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Venezuela: How Children Show Their Community Through Photography

Ancla2 is an educational cooperative devoted to teaching photography, technology, and media skills to children from a wide variety of communities in Venezuela. According to Ancla2, when children encounter images through photography, it is a way to discover their inner self and to value their physical and interior spaces. Thanks to Ancla2, many children from small and poor communities in Venezuela have discovered a new way to see and appreciate their own surroundings, and at the same time, have learned new life skills that will help them in many other areas.

Ancla2

The photography workshops have resulted in wonderful galleries made by children, and now these works can also be seen by many more because the children also maintain blogs that show life in their communities. These blogs written by children 9-15 years old, such as this blog from the community of La Mucuy in Mérida provide “journalistic visions” straight from the children themselves.

Workshops

El Guarataro Preguntón [es] and Reporteros del 23 [es] are two examples of these blogs. They are made by children living in two of the most poor and violent neighborhoods that surround the city of Caracas. Their main goal is to show daily life in both communities and how there is a lot more than often talked about violence inside the community.

Here is an example of one of the last posts in Reporteros del 23:

Benjamin shares his pictures

Benjamin estaba tomando fotografías en la subida que lleva al sector llamado “La Planada”. Una señoa en la puerta de su casa no dejaba de mirarlo, curiosa e integrada. El se percato y con gran gesto de agrado comenzó a mostrarle las fotografías que había tomado.

Benjamin was taking pictures on his way up to “La Planada”. A woman standing inside the doorway of her house couldn't stop curiously looking at him. He noticed it and happily showed his pictures to her.

As words of presentation, El Guarataro Preguntón [es] describes themselves:

Nosotros nacimos y vivimos en El Guarataro, el barrio más famoso de Caracas y de toda Venezuela. Es un barrio lleno de vida y de sueños, que también sufre por la violencia y por los problemas que nunca faltan. El Guarataro es famoso por algo muy bueno: aquí nació el poeta Aquiles Nazoa. Si en El Guarataro todo fuera como Aquiles Nazoa escribía y quería, viviríamos de maravilla. Eso no ha sido posible, pero nosotros hemos creado un periódico que se llama El Guarataro Preguntón, después de hacer un taller de fotografía y redacción con la Cooperativa Ancla 2 (con los que aprendimos a tomar) fotografias y a elaborar un periódico, que le hablará al país de cómo somos, de cómo vivimos, de qué cosas queremos cambiar y cada vez que nos lean y nos vean, van a tener que respondernos porque vamos a preguntar de todo.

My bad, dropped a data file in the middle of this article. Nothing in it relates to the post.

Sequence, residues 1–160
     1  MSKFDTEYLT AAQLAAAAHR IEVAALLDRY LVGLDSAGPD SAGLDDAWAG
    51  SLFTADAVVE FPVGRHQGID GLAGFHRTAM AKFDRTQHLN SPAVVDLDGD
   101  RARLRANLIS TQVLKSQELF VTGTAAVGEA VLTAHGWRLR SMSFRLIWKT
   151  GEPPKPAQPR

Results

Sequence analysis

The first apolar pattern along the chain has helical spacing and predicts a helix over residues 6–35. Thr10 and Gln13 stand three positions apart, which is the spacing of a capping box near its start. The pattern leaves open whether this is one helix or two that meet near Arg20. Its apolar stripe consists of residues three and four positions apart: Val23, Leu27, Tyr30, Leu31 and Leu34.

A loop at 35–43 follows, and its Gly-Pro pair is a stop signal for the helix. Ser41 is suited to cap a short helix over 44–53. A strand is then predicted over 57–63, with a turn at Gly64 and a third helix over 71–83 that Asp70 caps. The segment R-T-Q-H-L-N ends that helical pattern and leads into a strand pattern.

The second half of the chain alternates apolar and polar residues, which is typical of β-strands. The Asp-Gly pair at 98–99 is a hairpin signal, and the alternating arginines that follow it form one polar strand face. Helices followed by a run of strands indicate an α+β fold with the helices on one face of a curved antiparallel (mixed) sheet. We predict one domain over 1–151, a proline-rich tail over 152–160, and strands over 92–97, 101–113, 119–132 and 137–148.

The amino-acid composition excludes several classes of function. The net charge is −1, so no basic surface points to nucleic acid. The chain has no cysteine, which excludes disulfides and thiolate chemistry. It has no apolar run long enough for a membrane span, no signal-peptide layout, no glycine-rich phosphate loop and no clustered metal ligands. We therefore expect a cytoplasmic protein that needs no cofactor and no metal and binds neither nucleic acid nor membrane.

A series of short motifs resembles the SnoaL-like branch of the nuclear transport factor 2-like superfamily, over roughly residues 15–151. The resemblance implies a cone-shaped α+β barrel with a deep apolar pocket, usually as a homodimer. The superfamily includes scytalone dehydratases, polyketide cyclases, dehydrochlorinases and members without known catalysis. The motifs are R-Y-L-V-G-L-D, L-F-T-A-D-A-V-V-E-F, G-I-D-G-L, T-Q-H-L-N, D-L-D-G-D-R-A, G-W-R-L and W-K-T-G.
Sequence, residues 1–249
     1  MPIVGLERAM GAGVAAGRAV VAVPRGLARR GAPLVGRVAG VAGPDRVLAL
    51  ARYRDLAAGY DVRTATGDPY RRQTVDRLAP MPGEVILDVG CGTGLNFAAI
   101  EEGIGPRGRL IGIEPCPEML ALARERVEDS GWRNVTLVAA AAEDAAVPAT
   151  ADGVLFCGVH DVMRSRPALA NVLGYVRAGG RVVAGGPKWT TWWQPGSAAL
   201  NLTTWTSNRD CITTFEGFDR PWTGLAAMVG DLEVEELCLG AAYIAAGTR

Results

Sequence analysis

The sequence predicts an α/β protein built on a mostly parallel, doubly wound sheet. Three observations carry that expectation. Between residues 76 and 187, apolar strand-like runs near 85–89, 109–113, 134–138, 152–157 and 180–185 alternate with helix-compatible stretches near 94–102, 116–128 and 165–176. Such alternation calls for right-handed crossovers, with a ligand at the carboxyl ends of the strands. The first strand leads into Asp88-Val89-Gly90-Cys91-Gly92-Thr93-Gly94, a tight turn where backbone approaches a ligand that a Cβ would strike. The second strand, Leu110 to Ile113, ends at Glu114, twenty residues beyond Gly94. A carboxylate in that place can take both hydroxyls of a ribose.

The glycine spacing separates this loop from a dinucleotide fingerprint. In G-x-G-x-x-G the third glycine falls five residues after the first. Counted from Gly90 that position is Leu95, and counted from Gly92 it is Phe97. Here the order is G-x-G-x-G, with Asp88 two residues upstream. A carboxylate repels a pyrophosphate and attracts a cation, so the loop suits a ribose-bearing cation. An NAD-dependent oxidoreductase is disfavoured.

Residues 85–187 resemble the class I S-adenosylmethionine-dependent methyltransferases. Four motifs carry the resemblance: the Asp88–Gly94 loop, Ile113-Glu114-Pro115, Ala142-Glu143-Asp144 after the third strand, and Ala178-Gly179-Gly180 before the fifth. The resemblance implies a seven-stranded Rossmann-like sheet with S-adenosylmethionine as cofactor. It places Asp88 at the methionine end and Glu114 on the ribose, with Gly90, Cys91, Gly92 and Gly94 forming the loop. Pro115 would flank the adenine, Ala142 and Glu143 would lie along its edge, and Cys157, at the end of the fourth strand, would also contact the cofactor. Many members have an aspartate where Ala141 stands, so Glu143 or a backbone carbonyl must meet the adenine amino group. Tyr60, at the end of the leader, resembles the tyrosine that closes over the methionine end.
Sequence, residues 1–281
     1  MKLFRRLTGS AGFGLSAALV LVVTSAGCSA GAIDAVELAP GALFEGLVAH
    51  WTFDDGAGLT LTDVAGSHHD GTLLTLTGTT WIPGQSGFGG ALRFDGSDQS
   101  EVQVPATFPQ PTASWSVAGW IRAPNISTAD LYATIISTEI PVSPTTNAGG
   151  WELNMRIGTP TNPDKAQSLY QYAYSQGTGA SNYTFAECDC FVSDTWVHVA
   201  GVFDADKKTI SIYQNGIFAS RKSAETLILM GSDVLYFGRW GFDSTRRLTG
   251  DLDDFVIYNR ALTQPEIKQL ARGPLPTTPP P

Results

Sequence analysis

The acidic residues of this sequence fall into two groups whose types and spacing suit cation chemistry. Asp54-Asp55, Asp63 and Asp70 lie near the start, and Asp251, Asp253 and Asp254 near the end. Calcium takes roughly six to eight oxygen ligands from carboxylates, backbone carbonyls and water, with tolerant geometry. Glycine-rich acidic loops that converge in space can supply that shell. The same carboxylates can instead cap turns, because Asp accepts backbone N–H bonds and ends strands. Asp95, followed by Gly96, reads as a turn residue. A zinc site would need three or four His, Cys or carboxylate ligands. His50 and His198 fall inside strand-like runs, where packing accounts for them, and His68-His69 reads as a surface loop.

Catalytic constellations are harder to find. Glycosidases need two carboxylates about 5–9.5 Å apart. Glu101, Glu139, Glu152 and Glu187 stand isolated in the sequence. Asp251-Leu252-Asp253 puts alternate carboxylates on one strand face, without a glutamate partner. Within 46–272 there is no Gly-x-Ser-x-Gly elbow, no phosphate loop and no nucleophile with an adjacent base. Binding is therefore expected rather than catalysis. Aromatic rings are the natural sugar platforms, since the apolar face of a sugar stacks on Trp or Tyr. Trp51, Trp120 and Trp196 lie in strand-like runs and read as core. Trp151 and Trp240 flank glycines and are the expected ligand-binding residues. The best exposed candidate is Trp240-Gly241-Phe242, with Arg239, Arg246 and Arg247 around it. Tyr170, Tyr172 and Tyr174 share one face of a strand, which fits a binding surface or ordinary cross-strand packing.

We were born and live in El Guarataro, the most famous slum in Caracas and in all of Venezuela. This is a community full of dreams and life that also suffers from the violence and the problems that never go away. El Guarataro is famous for something very good: Aquiles Nazoa was born here. If everything in El Guarataro was like how it was in Nazoa's poetry, everything would be wonderful, but that hasn't been possible. Nevertheless, we have created a newspaper called El Guarataro Preguntón, after participating in workshops with Ancla2 (where we learned) to take pictures and make a newspaper that will tell the country about how we are and how we live, what are the things that we want to change and everytime they see us and read us they will have to answer because we will ask about everything.

In this documentary called “Voices” (video in .mov format), part of the work with the children of Mérida is seen.

All photos used with permission from Ancla2.

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7 comments

  • Hola Laura, gracias por colocar la información de nuestro trabajo en estos espacios, espero que de esta manera podamos dar a conocer a mas personas nuestro trabajo y así compartir esfuerzos y experiencias.

    Atentamente

    Rafael Lacau

  • Hey Laura. This post is fascinating. I didn’t know of such experiences here in Venezuela. I am a truly believer of the capacity of empowerment of blogging and digital media to all of those that are eager to communicate with the rest of the world, have something to say and haven’t found viable means to do it…

  • Laura gracias de nuevo, por comentar el trabajo que hacemos en este medio,espero conocerte en diciembre comernos una hallaca juntos y conversar.
    Saludos.
    Alvaro Hernandez Angola

  • Great!

  • […] has written about the work of Ancla 2 previously on Global Voices (in Spanish here), where she featured blogs written by young people in two of Caracas’ most […]

  • […] be the most vulnerable, yet they have immense potential to grow. The group Ancla2, which has been featured on Global Voices last year, recognized this opportunity and gave a workshop to a group of refugee children in a town […]

  • […] be the most vulnerable, yet they have immense potential to grow. The group Ancla2, which has been featured on Global Voices last year, recognized this opportunity and gave a workshop to a group of refugee children in a town […]

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